9 cozy (and eco-friendly) ways to slow down and savor the season

Autumn is such a beautiful season; the awe-inspiring colors of nature, the seasonal decorations and celebrations, everything smells like pumpkins and apples and spices, and things feel so cozy. Family time feels closer, sweaters feel warmer, and for some reason, with much of the year behind us, the anxiety eases a bit. It's so important to take the time to savor the small moments like a breath of fresh, crisp air, the first bite of your mom's famous apple pie, or simply throwing a football around with a friend. These moments, while seemingly small, are what give life hygge: "(pronounced hue-guh not hoo-gah) is a Danish word used when acknowledging a feeling or moment, whether alone or with friends, at home or out, ordinary or extraordinary as cozy, charming or special."

Hygge is one of those things that you think you understand, but until you've experienced it, you really don't. The concept of Hygge goes hand-in-hand with joy and consciousness, and it's different for everyone. You might prefer hiking or horseback riding to fluffy pillows and candles, and that's perfectly fine. Hygge is that feeling of warmth, peace, and comfort that comes over you when you're surrounded by love, inspiration, joy, and for me, hope. For me, it's a balance between comfort and inspiration. It's a conscious knowing that I've done enough, have enough, and most importantly am enough, while still feeling hope and positivity towards the future.

While all the slowing down, hygge, and delicious food can make this season many people's favorite time of year, , it's also when kids go back to school and vacations, BBQ's, bonfires, and beach days come to an end. Those affected by Seasonal Affective Disorder and people with chronic pain (affected by the cold) brace themselves for another long winter. Schedules get packed with school activities, work projects need to get wrapped up, and Holiday gatherings take over our calendars. Before we know it, our todo list has outgrown our will to complete it.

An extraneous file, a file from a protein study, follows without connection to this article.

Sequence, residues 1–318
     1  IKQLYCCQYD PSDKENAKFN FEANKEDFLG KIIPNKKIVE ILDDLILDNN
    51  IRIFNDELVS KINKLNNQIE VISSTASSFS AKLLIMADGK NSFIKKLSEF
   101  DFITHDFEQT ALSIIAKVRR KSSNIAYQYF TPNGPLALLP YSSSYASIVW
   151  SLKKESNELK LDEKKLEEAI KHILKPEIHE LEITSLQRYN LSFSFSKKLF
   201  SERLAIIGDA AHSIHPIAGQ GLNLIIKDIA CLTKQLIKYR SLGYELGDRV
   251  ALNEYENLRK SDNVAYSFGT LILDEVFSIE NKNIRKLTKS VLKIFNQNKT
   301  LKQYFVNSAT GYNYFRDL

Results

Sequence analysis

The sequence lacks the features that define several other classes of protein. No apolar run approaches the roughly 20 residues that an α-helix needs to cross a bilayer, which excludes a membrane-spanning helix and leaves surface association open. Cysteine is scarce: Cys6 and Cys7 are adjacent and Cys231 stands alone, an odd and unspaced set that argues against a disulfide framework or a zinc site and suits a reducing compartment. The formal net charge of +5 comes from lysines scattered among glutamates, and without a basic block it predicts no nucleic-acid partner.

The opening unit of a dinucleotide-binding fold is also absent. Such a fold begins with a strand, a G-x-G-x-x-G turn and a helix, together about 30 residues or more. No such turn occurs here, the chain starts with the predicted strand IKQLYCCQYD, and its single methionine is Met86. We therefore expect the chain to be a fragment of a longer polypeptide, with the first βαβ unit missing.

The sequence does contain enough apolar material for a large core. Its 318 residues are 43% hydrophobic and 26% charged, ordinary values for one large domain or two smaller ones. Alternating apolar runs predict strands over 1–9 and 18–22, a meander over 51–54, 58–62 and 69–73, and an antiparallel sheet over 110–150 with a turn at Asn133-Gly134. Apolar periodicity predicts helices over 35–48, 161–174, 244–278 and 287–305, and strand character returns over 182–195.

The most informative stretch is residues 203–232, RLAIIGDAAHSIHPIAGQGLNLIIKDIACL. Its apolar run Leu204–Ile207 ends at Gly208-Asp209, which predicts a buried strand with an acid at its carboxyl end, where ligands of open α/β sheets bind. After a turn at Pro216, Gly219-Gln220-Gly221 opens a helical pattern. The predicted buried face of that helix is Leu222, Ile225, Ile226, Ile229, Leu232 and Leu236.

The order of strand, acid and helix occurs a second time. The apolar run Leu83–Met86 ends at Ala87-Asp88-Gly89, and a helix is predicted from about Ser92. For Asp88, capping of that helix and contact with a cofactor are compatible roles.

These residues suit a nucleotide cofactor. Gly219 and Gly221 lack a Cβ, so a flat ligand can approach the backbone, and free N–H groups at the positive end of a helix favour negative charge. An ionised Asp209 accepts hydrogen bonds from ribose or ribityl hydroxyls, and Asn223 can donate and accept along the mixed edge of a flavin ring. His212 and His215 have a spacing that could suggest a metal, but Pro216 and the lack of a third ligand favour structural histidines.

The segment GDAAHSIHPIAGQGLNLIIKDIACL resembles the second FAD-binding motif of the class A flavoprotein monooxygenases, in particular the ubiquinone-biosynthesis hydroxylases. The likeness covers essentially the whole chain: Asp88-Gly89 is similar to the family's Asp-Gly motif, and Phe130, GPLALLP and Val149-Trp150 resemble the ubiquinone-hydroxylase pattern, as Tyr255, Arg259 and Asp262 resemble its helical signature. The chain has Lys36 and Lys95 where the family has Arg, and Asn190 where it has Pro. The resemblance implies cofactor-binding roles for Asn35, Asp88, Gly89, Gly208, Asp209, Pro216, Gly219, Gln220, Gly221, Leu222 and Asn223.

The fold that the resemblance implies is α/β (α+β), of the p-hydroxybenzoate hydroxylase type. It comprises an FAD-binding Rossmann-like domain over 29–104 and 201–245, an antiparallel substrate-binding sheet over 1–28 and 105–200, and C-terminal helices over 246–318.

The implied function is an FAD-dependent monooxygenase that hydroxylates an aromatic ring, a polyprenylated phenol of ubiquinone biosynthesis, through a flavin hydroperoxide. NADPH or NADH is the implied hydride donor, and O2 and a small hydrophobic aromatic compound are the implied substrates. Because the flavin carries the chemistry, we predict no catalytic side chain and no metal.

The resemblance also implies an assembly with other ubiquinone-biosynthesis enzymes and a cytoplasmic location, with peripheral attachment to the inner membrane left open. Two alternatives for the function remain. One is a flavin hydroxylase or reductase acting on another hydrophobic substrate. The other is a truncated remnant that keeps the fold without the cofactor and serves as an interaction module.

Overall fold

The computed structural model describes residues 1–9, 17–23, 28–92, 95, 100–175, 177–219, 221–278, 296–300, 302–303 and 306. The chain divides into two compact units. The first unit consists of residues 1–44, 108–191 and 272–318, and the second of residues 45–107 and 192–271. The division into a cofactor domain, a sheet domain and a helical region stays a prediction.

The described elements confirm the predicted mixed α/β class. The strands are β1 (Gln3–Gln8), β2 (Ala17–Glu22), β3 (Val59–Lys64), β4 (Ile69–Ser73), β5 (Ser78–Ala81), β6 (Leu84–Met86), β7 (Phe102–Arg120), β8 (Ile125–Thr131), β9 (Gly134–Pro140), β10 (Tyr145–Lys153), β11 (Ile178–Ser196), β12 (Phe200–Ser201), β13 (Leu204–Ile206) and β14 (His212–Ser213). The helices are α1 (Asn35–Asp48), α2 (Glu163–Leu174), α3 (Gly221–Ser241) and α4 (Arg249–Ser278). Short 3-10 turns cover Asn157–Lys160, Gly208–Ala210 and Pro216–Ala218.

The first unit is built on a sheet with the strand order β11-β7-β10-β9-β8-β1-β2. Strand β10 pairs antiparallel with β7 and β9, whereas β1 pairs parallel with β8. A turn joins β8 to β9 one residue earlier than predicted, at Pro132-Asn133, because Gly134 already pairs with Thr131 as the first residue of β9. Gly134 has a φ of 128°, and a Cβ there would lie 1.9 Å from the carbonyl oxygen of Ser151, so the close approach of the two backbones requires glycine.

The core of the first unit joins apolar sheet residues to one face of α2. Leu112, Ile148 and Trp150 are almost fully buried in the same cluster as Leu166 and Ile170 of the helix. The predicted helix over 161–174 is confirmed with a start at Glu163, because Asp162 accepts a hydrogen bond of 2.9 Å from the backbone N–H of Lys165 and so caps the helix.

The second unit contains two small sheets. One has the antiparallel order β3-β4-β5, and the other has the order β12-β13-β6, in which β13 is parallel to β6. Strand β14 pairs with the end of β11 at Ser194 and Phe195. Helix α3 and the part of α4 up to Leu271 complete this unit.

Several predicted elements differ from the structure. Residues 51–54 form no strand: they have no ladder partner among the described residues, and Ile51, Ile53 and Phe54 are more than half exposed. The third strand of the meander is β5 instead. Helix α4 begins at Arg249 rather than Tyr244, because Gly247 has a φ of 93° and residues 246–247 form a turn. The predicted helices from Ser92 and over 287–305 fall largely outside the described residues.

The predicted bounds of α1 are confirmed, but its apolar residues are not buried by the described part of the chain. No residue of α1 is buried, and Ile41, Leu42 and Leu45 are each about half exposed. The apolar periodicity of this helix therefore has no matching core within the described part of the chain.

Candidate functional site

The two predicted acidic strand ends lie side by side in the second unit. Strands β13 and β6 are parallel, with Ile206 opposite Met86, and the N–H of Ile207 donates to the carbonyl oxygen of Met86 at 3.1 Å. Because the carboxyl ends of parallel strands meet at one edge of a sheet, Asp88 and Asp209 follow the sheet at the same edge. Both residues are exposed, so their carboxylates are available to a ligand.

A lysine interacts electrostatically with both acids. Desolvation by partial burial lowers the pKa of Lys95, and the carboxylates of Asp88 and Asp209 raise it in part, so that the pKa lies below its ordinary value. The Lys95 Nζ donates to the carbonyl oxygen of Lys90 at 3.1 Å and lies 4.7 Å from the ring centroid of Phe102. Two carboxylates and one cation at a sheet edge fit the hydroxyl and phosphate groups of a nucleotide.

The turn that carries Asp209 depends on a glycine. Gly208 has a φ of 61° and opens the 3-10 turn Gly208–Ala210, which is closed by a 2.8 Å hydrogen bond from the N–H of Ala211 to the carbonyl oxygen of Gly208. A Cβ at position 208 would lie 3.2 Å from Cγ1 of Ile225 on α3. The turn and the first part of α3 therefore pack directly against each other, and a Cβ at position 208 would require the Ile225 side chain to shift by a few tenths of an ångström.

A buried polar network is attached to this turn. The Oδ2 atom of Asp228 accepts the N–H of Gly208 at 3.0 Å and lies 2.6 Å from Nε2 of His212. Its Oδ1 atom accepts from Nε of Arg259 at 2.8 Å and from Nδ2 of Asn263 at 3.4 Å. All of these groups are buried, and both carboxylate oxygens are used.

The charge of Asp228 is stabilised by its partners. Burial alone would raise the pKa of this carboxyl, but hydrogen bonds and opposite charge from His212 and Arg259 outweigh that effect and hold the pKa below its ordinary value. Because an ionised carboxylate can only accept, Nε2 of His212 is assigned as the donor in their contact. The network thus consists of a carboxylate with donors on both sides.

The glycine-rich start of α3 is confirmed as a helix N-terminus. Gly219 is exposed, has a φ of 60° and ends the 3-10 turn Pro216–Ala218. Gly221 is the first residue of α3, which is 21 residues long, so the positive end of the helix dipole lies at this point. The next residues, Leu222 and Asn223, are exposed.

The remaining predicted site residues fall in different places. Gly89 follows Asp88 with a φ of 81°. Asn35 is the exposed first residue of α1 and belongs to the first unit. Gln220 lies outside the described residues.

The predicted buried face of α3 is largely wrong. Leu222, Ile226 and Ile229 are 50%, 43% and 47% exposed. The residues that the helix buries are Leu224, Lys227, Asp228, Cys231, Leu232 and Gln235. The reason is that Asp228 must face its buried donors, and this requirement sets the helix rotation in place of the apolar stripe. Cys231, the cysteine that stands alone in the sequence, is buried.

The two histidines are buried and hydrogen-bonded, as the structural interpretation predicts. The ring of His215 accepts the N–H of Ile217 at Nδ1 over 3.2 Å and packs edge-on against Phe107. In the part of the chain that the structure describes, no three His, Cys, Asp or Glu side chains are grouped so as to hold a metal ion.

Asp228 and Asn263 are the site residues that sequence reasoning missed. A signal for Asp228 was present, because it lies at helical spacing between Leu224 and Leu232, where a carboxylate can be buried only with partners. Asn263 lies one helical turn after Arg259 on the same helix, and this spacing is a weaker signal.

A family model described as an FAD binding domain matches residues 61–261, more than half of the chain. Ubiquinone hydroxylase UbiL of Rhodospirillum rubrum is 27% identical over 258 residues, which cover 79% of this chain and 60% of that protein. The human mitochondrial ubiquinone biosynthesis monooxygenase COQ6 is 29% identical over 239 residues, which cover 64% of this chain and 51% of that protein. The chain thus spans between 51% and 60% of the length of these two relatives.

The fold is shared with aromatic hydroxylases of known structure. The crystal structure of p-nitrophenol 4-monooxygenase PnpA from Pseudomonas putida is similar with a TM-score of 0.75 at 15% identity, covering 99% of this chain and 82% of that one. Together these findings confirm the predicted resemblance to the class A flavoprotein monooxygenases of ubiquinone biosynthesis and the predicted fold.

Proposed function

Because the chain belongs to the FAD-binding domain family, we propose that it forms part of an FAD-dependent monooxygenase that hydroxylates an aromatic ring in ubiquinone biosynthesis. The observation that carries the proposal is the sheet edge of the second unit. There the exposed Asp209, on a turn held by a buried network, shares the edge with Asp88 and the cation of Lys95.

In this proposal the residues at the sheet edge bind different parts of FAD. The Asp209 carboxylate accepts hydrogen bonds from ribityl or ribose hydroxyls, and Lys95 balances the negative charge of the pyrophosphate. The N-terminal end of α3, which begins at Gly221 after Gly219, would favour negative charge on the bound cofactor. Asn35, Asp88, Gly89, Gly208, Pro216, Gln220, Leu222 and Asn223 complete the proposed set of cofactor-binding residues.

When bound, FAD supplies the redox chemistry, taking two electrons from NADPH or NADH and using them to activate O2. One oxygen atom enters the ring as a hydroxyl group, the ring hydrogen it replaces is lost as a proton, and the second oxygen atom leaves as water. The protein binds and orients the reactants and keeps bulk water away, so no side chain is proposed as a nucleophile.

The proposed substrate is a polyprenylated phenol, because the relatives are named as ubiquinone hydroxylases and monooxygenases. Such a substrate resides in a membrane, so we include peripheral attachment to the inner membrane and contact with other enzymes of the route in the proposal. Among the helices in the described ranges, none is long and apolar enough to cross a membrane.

Fall can also be a season full of waste speaking from both a monatary and material standpoint. Halloween costumes made primarily from synthetics (aka: plastic that will last 400-1000 years in a landfill) are purchased for one-night wear, plastic candy wrappers are everywhere, and gatherings produce a ton of single-use plastic waste in the form of disposable cups, cutlery, and more. According to this acticle published by the Guardian about the scary amount of plastic waste produced by Halloween, alone, "(the) Equivalent of 83m plastic bottles in often throwaway outfits sold by leading retailers."

Enjoying Fall is a challenge for me every single year, but each year I get better at it. I owe it to myself, and all who depend on me, to take care of my mental and physical health, and that means doing less, embracing my imperfections, enforcing personal boundaries, and making a real, conscious effort to slow down, make space, and enjoy myself; all while doing my best to use eco-friendly methods). Why? Because we all deserve a chance to relax and savor this beautiful season sans guilt, overwhelm, and survival mode.